After a while, the teams get better at estimating in points, and their velocity evens out (given the teams are left consistent throughout the sprints). After quite a few sprints, I would say at least 6, the team are working better together, they are more knowledgeable of various systems and are more confident in their abilities not just to code or test, but to estimate. They are also more confident in YOU, the ScrumMaster, and your abilities to guide them through this weird and wonderful Agile world. When you can see the teams are at a stable state, you can then progress to remove the time element from the tasks and just fill the sprint based on previous velocity measures. I would never attempt to make any estimates to the business in terms of forecasting unless I was confident the teams’ velocity had stabilised. Otherwise you risk feeding the business inaccurate information, and if it all goes wrong they will blame you and Scrum…If high level estimates need to be added to PBI’s for a project in order to get a high level estimation as to its completion, this must be done by a developer. Not a BA or a PM. Get it from the horse’s mouth, from someone who knows the system. However, whenever a developer does any high level estimation, you always reiterate to whoever has requested it that this is an ESTIMATION based on the information presented in the stories at that snapshot in time. If you have been a good ScrumMaster and have educated people to a good level, they should understand where you are coming from. They will understand that and estimate based on complexity (points) is more accurate that estimating in time, which at the end of the day, is what they want. They understand that this figure may change. It is an estimate, called such because it is just that. It will always be a challenge, but investing copious amounts of energy in championing Scrum and making sure you promote EVERY single success, change will happen, slowly but surely.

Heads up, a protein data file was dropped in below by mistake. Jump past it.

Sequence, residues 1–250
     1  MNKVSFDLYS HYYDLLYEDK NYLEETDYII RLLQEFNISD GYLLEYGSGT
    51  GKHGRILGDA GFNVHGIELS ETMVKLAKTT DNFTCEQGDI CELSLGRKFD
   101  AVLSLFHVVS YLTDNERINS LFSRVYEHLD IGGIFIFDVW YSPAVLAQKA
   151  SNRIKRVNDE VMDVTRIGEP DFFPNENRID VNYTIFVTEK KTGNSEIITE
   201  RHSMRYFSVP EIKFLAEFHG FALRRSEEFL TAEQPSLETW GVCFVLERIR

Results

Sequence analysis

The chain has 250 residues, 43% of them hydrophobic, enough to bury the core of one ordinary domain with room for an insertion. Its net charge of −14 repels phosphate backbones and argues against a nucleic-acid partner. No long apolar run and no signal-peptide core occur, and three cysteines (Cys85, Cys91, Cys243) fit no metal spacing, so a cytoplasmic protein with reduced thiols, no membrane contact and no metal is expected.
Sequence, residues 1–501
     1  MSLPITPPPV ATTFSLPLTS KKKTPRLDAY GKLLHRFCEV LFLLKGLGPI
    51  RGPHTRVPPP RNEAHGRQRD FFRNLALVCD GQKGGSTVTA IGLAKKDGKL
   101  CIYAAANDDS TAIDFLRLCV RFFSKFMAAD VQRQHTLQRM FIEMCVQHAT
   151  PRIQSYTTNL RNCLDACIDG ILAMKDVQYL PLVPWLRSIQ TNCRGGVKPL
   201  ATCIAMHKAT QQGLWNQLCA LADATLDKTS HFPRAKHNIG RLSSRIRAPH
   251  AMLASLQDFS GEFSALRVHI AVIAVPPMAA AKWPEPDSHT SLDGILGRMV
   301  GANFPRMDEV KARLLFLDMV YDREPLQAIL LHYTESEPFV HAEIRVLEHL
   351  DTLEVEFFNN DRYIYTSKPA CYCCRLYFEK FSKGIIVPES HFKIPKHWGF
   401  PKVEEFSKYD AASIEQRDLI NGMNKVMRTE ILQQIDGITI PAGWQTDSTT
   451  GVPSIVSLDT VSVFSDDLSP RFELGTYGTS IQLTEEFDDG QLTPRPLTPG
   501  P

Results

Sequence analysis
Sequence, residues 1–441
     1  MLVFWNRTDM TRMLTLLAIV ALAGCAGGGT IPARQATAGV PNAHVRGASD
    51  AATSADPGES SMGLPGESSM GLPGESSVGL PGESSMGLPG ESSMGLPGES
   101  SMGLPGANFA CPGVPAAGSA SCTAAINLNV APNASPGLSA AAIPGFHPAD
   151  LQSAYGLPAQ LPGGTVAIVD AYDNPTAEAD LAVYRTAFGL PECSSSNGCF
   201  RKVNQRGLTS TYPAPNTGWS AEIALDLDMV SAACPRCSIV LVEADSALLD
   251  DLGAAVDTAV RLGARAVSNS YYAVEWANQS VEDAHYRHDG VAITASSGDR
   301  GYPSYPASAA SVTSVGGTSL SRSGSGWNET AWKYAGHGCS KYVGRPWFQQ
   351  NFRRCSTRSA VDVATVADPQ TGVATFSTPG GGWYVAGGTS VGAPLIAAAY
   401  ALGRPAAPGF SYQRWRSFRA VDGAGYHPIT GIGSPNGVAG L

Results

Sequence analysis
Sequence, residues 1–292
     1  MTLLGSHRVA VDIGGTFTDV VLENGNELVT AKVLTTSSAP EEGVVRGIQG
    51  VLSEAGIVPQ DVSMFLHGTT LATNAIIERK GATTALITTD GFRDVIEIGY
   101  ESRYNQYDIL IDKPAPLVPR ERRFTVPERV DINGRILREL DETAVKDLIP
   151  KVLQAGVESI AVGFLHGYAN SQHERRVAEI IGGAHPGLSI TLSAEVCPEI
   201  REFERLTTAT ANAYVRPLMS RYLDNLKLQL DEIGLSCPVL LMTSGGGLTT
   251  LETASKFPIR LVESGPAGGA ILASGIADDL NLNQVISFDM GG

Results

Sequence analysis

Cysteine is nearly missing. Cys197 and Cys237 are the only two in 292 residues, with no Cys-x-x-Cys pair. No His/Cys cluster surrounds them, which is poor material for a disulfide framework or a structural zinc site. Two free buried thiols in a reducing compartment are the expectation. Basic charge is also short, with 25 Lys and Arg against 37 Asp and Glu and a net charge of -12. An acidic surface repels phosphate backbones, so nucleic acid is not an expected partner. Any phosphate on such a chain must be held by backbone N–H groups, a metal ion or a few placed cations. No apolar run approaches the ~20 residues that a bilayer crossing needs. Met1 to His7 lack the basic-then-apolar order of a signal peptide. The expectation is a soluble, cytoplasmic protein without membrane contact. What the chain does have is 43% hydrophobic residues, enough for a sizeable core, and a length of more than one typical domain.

So, the key thing is to first build the foundation of trusting Scrum within the business. Get some results like a successful release, or a retrospective showing happy teams to get the business to believe in Scrum, or even how great the Scrum Board looks half way through a sprint. Then you are in a stronger position to challenge them if they don’t want to acknowledge your estimates or how you have established it.

• I agree with pretty much everything you say here especially the following salient points:

1) you have to be patient.
2) you educate like a crazy person
3) It’s showing how Scrum is making a positive impact that will help you
4) developers will get better at estimation over time
5) the teams will get better at estimating in points
6) planning poke is a good tool
7) Time estimates for high level to come from a developer.

The reason for my enquiry is because when you have multiple scrum teams reporting back to perhaps one line manager who is old school waterfall (and most are) they will always try to compare Team A to Team B and sometimes wonder why Team A would estimate the same work requiring the same effort in a different amount of points.  I’ve always found it quite difficult to get over to people that points in one team are not neccesarily comparable to that of anothers, as its a relative scale based on many different factors, team size, team experience, sun spots .. that sort of thing.

For example

Story A :
Level : Medium